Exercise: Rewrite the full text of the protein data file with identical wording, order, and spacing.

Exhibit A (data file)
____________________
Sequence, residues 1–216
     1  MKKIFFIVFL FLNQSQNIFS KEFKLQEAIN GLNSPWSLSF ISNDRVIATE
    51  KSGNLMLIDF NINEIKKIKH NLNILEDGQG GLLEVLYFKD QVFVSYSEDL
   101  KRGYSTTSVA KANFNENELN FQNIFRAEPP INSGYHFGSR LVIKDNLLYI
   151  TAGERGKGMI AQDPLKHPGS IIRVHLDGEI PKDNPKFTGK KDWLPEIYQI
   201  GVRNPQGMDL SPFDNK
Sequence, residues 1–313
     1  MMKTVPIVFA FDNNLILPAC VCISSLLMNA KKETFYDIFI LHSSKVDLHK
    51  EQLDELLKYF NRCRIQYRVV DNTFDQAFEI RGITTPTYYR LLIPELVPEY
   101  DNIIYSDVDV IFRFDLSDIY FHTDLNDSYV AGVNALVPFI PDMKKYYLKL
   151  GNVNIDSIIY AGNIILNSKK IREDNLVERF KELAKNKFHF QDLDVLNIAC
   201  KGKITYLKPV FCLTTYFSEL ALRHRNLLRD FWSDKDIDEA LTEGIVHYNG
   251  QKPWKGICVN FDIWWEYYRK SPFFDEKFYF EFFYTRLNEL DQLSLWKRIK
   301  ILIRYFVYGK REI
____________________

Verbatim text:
Sequence, residues 1–216
     1  MKKIFFIVFL FLNQSQNIFS KEFKLQEAIN GLNSPWSLSF ISNDRVIATE
    51  KSGNLMLIDF NINEIKKIKH NLNILEDGQG GLLEVLYFKD QVFVSYSEDL
   101  KRGYSTTSVA KANFNENELN FQNIFRAEPP INSGYHFGSR LVIKDNLLYI
   151  TAGERGKGMI AQDPLKHPGS IIRVHLDGEI PKDNPKFTGK KDWLPEIYQI
   201  GVRNPQGMDL SPFDNK
Sequence, residues 1–313
     1  MMKTVPIVFA FDNNLILPAC VCISSLLMNA KKETFYDIFI LHSSKVDLHK
    51  EQLDELLKYF NRCRIQYRVV DNTFDQAFEI RGITTPTYYR LLIPELVPEY
   101  DNIIYSDVDV IFRFDLSDIY FHTDLNDSYV AGVNALVPFI PDMKKYYLKL
   151  GNVNIDSIIY AGNIILNSKK IREDNLVERF KELAKNKFHF QDLDVLNIAC
   201  KGKITYLKPV FCLTTYFSEL ALRHRNLLRD FWSDKDIDEA LTEGIVHYNG
   251  QKPWKGICVN FDIWWEYYRK SPFFDEKFYF EFFYTRLNEL DQLSLWKRIK
   301  ILIRYFVYGK REI